Interactive Investor

10 FTSE 100 momentum stocks for uncertain times

8th September 2022 08:56

by Ben Hobson from interactive investor

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Stock screen expert Ben Hobson studies one of the most eye-catching strategies for investors hunting ideas in a volatile market and comes up with some possible opportunities.

Share prices on the rise 600

Unlike most major Western stock markets this year, the UK’s FTSE 100 has held up fairly well. At just 3.3% down, it has avoided the double-digit losses seen in the US and across Europe. Its unusually strong mix of shares in energy, banking and defensive industries such as pharmaceuticals and consumer staples have propped it up, while the rest of the market is on its knees.

Faced with rising inflation and the knock-on impact of higher interest rates, this solid performance from blue-chip shares makes sense. Oil and gas producers are benefiting hugely from soaring global energy prices. So, too, are the national utilities which route that energy to households.

Elsewhere, and after more than a decade of financial stimulus from the Bank of England, UK banks have been the obvious early winners from recent interest rate hikes. Their corporate and consumer loans and mortgages are now much more profitable than they have been for some time. Even the traditional sin stock industries such as tobacco and defence have done well this year - benefiting respectively from a boom in vaping and a war on mainland Europe.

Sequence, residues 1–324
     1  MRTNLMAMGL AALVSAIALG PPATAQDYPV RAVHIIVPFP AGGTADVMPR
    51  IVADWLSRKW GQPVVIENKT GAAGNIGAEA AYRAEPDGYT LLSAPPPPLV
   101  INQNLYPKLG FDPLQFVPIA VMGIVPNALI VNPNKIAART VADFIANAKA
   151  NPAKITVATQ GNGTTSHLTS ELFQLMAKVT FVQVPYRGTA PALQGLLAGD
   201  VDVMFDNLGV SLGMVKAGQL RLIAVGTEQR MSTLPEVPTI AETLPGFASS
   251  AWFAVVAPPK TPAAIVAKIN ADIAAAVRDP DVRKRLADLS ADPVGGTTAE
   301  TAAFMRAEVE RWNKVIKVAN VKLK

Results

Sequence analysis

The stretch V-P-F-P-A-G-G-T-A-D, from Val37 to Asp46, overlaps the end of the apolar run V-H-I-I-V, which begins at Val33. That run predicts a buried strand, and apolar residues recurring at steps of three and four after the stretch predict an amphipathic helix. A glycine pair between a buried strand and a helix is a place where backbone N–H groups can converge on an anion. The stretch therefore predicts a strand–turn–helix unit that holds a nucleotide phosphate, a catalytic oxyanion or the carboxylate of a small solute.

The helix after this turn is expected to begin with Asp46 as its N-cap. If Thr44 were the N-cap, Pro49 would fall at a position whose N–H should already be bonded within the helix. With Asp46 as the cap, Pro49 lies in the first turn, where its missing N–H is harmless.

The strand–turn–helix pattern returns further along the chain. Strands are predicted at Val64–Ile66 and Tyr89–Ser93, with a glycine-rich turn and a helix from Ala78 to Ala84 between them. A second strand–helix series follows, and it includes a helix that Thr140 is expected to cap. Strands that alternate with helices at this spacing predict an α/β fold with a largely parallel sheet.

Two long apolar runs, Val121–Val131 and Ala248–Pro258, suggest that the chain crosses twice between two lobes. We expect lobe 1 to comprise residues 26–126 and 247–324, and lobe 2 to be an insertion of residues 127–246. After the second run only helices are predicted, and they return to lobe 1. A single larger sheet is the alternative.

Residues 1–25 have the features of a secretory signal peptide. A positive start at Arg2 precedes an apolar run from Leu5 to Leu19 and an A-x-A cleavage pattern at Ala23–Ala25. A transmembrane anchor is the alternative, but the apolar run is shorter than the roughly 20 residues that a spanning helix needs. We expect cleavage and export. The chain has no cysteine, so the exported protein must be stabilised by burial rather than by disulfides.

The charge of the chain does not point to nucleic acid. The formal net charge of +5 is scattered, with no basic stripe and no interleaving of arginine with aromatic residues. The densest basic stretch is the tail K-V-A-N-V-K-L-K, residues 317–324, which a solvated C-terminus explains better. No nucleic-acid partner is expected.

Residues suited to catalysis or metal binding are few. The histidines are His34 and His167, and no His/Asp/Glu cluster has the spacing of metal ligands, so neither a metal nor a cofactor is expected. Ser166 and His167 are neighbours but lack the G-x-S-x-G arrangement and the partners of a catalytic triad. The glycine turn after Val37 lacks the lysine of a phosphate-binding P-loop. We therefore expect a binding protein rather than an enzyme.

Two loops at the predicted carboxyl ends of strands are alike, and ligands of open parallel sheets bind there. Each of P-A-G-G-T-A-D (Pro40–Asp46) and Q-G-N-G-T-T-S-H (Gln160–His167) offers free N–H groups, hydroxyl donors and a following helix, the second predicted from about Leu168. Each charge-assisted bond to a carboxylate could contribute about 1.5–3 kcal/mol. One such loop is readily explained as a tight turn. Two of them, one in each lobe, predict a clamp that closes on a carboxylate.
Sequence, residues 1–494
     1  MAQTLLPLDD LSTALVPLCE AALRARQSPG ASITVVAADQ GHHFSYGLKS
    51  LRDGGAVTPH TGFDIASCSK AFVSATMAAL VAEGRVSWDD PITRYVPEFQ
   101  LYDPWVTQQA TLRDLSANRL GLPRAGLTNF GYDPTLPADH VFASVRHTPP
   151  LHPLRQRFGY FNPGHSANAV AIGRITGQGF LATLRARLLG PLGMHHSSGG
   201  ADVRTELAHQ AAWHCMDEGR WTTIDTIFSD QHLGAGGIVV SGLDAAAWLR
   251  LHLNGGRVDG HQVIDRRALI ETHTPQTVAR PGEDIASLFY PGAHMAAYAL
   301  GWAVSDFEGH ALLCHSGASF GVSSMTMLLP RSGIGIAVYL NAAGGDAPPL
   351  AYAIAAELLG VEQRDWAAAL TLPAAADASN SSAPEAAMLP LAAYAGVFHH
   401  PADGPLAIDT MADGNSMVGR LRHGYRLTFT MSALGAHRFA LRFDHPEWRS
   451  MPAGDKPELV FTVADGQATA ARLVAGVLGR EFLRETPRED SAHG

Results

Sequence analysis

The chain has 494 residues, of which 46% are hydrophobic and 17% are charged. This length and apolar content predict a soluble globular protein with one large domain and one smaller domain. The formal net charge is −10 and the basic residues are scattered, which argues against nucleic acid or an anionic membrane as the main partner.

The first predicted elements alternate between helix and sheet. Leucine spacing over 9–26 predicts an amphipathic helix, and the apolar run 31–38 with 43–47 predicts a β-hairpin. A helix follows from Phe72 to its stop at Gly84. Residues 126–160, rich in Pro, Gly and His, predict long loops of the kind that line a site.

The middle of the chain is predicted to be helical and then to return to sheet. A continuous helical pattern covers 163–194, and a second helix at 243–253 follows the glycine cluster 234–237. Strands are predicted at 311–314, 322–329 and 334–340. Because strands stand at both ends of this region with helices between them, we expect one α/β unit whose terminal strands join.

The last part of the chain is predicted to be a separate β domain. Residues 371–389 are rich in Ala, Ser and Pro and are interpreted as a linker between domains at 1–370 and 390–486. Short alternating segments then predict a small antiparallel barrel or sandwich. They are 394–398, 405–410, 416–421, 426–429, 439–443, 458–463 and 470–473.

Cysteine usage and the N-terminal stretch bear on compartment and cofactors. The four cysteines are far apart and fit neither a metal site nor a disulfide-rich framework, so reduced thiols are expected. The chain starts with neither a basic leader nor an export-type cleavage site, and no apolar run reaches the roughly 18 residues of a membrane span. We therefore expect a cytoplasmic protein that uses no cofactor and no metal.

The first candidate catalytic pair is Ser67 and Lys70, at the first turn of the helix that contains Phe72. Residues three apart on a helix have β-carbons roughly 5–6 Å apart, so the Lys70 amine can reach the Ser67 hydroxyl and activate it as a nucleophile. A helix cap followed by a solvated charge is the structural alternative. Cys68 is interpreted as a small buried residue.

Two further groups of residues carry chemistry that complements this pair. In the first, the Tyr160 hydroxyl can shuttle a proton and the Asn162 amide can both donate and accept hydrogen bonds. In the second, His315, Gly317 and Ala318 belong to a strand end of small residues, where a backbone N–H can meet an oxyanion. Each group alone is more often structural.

Elephants don’t (usually) gallop

The large-cap outperformance that we’ve seen recently is actually at odds with the long-term trend in stock markets. A so-called size effect was first documented in the early 1980s. It describes the fact that small company shares, although more volatile, tend to outperform large ones over time. This is partly why smaller-cap shares are so popular with individual investors.

Jim Slater, a legendary name among British growth investors, once summed up the size effect with the phrase “elephants don’t gallop”. But while it’s true that large-caps tend to be at the more mature end of the growth cycle, it doesn’t mean they can’t enjoy strong momentum in both earnings and share prices - and that’s exactly what we’re seeing now.

As a driver of returns, momentum is one of the most powerful factors in markets. Research shows that stocks outpacing their forecasts and seeing their prices rise higher often benefit from those trends persisting into the medium term. Against a backdrop of no certainty about where inflation will go, or whether a recession is on the cards, there’s a case for thinking that British large-caps will continue to benefit.

On top of that, companies that derive all or part of their income in US dollars - but report in British pounds - are currently benefiting from an extra tailwind. Currency diversification like this is fairly common in large FTSE 100 companies operating around the world. And because the dollar has strengthened against the pound this year, those companies are benefiting from the forex uplift.

So where have the best performances been this year? This screen simply looks for large-caps where earnings have grown in the last year and are forecast to grow again in the coming year. The list is sorted by relative price strength against the market - and also shows the current dividend yields on offer.

Share Name

Market Cap £m

PE Ratio

EPS Growth %

Forecast EPS Growth %

Relative Strength 12m %